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Fast Pitch FAQ

Calendar  |  Process  |  Guide  |  Judging Rubric  | Awards  |  Application

Q: If I applied last year, may I apply again?

A: Yes. We’d be happy to see re-applications as long as you meet the application criteria and were not awarded grants or investments last year.

Q: How many prizes will be awarded?

A: In addition to the $250,000 investment funds and $125,000 in grants for nonprofits, SVP Fast Pitch will also provide “angel” awards of either $500 or $1000 – the number of each will be determined the day of the event. See Awards page for specifics.

Q: Is there any cost to apply for SVP Fast Pitch Seattle?

A: No. There is a $20 fee to attend the optional Jumpstart workshops to help you prepare for the application process.

Q: Where do I find questions specific to the application process?

A: Consult the application process and application guide.

Q: Who is eligible to apply?

A: See Apply page.

Q: Will there be on-stage, American Idol-style critique after each presentation?

A: No.

Q: Are for profit social innovation businesses eligible to receive grants?

A: Yes, although the primary awards for for-profit applicants are investments. See Awards. Read here for the details on the investment terms.

Q: What’s your definition of a for profit social innovation business for this competition?

A: In the investment category, we are looking for early-stage for-profit businesses which have a specific, meaningful mission and innovative approach to address an important social or environmental problem through their core operating model. This competition is not suitable for businesses which have only a financial charitable commitment or simply operate with top quality social, community or environmental standards, even though those are great and commendable things to do!

Good fit example 1:

Your business mission is to sell micronutrient-enriched, tasty, healthful snacks targeting low-income families at attractive prices through government school meal and other distribution channels addressing a major health problem of nutrient deficiency amongst this population.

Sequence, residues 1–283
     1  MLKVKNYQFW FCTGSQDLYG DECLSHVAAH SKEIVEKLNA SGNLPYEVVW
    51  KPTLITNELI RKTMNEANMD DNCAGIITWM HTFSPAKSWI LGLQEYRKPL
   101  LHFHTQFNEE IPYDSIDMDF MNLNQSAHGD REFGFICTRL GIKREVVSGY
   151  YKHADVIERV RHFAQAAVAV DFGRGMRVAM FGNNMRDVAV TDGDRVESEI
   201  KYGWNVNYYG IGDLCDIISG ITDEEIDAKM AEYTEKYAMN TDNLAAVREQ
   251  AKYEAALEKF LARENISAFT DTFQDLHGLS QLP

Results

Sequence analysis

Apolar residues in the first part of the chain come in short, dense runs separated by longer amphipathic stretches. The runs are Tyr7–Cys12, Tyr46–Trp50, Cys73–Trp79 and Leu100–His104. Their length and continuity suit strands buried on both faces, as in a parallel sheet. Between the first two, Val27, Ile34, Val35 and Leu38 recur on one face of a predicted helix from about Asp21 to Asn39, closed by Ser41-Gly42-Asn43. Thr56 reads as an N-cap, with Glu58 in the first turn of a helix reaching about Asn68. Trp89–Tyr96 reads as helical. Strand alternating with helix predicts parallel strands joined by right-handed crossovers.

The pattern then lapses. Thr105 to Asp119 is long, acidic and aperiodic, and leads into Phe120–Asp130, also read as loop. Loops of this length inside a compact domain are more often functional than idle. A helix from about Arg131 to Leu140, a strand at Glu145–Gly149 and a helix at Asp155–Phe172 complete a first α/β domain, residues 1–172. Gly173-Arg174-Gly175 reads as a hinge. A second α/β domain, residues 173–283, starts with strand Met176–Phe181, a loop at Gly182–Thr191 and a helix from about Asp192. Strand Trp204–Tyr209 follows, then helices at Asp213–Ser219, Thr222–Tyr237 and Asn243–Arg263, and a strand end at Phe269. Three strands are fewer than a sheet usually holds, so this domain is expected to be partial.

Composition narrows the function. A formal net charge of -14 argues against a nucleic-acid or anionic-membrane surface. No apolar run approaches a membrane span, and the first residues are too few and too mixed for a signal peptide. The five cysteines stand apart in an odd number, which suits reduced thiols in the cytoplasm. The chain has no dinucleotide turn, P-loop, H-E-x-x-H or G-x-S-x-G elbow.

Good fit example 2:

Your business mission is to develop a competitively-priced new food packaging material targeting the restaurant takeaway market which keeps food at the initial temperature for 2 hours and is 100% bio-degradable, greatly reducing society waste.

Bad fit example 1:

Your business gives away 10% of your profits to youth charities, every employee gets paid to volunteer a day per month to a charity, and you give your employees better benefits than your competitors.
Bad fit example 2:

Your business uses 100% recycled materials, is carbon negative, creates no waste, and you and your employees actively advocate for other local businesses to do the same.

Q: Is this a business plan competition?

A: Not specifically. Although if you do have a social innovation idea that you are in the early stage of developing and can present it with passion and credibility, you will still be competitive and we’d like to help you bring it to the next level.

Q: How does SVP Fast Pitch Seattle’s program compare to Fledge? Which should I do?

A: SVP Fast Pitch Seattle and Fledge are different but complementary. In a nutshell, Fledge is a 2-month intensive boot camp program for early-stage, for-profit, “Conscious Companies”. The Fledge program culminates in a “demo day” in front of press, investors, and community, with no judges. SVP Fast Pitch Seattle is a less-intensive 6-month training and community-connecting program that culminates in a big-stage pitch competition, accommodating both nonprofit and for-profit social impact organizations.

SVP Fast Pitch Seattle and Fledge share many common goals, including as Michael ‘Luni’ Libes says “…adding to the entrepreneurial infrastructure in order to grow the whole conscious ecosystem … which includes: talent, education, mentorship, gathering spaces, events, incubation, acceleration, and funding.”

We hope for-profit organizations will apply to both programs. Apply to Fledge here.

Q: My organization operates in the Puget Sound area and employs people, but is focused on a national or global market – does our employing locals count as “substantial impact”?

A: If the employment is the nature of your organization’s mission – for example, in-sourcing national/global work and training people in the Puget Sound area to do it – then yes, that would count. If, however, you are building an innovative product that addresses a social need nationally/globally and simply employ people in the Puget Sound area, we do not expect you would be competitive with others who will/do have more substantial local focus and impact. Note that the judging for grants (to local non-profits) will be more focused on this issue than the investors in for-profit entities, but it matters for both. Your organization must be headquartered in the Puget Sound.

Q: Can I change my application after I submit it?

A: Yes, you can change it up through the deadline of your track

Q: Can one organization submit two (or more) applications?

A: Yes, although we would advise focusing on any individual doing one really well.